Sean Wainui dead: New Zealand rugby star killed in car crash at just 25-years-old


Sean Wainui’s death was confirmed on Monday (Picture: Getty Images)

Sean Wainui, rugby union star who played for the Maori All Blacks and Chiefs, has been killed in a car crash in New Zealand at just 25-years-old.

The single car crash, in which Wainui was the only occupant, was confirmed on Monday morning at McLaren Falls Park near Tauranga, with the car hitting a tree.

Wainui had turned out for Taranaki, Crusaders, Chiefs and Bay of Plenty, while also representing the Maori All Blacks 10 times.

Wainui set a record earlier this year when he scored five tries for the Chiefs against Waratahs, the most in a Super Rugby game.

Wainui is survived by his wife Paige and two young children.

‘He was an influential member in the teams he has been a part of and his presence will be missed,’ Maori All Blacks, Chiefs and former Bay of Plenty head coach Clayton McMillan said of Wainui.

Wainui played for the Maori All Blacks (Picture: Getty Images)

‘He epitomised everything you could possibly ask for in a player. He will be remembered for being a passionate, hard-working, proud Maori who was an exceptional player but more importantly father and husband.’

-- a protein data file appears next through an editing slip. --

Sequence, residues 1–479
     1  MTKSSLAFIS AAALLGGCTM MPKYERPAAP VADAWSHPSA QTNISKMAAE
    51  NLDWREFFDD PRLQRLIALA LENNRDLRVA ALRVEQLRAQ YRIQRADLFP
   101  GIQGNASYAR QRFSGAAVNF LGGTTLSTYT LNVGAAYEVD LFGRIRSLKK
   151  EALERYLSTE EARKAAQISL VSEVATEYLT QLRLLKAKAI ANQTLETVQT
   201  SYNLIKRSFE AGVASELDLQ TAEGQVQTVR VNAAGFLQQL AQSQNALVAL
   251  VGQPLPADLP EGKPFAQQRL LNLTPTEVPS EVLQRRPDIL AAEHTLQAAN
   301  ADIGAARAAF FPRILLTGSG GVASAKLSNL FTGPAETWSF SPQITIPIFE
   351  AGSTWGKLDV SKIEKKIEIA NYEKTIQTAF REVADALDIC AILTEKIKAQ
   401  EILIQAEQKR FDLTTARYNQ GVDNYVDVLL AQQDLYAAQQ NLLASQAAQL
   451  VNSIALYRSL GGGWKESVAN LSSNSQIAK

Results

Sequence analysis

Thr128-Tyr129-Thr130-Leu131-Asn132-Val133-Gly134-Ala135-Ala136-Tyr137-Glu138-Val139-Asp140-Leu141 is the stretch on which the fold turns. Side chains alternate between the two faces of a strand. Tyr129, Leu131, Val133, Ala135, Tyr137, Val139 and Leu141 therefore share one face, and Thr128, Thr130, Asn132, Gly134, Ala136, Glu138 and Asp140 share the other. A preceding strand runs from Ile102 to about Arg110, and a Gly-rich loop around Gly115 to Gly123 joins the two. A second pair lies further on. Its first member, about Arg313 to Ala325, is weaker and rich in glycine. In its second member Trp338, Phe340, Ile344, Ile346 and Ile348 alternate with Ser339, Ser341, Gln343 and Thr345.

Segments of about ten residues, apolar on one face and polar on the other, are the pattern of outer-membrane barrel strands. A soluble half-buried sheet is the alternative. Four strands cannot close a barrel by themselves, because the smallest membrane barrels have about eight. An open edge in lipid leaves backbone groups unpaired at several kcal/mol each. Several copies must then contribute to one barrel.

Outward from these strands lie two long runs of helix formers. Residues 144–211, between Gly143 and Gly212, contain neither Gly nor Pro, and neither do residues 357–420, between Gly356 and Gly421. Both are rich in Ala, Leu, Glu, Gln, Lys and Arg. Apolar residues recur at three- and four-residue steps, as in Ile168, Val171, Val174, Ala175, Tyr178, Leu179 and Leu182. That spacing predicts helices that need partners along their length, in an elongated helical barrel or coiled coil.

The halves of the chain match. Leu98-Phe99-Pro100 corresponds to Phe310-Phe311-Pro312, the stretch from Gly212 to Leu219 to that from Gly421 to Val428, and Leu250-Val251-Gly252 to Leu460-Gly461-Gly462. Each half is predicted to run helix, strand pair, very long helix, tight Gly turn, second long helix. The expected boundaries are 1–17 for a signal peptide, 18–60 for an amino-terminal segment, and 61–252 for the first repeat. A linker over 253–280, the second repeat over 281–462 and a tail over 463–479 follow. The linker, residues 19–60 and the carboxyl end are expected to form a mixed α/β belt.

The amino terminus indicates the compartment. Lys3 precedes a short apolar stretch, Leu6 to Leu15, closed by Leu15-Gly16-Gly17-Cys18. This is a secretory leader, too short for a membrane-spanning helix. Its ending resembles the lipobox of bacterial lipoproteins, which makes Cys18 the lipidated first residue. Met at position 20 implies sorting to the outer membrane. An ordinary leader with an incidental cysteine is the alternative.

New Zealand Rugby chief executive Mark Robinson added: ‘We know Sean’s passing will be felt deeply by everyone involved in rugby, particularly his Bay of Plenty and Chiefs team-mates and we share their sorrow and their shock.’

Wainui leaves behind a wife and two children (Picture: Getty Images)

The All Blacks posted on Twitter: ‘We are heartbroken right now. Sean, you were an inspiration and will never be forgotten. We extend all of our strength and aroha to your friends and whānau.’

Sonny Bill WIlliams added: ‘My thoughts are with Sean Wainuis’ family. Especially his wife & young child. Although I didn’t play alongside him, I could always feel his mana coming up against him as his opposition.’

New Zealand Māori Rugby Board chair Farah Palmer said: ‘As a player we all saw what this young tāne was capable of and the passion and talent that he brought to the teams he represented, but we also saw a role model for young Māori, a caring father who was passionate about his culture, his language, and his identity. He will be sorely missed.’

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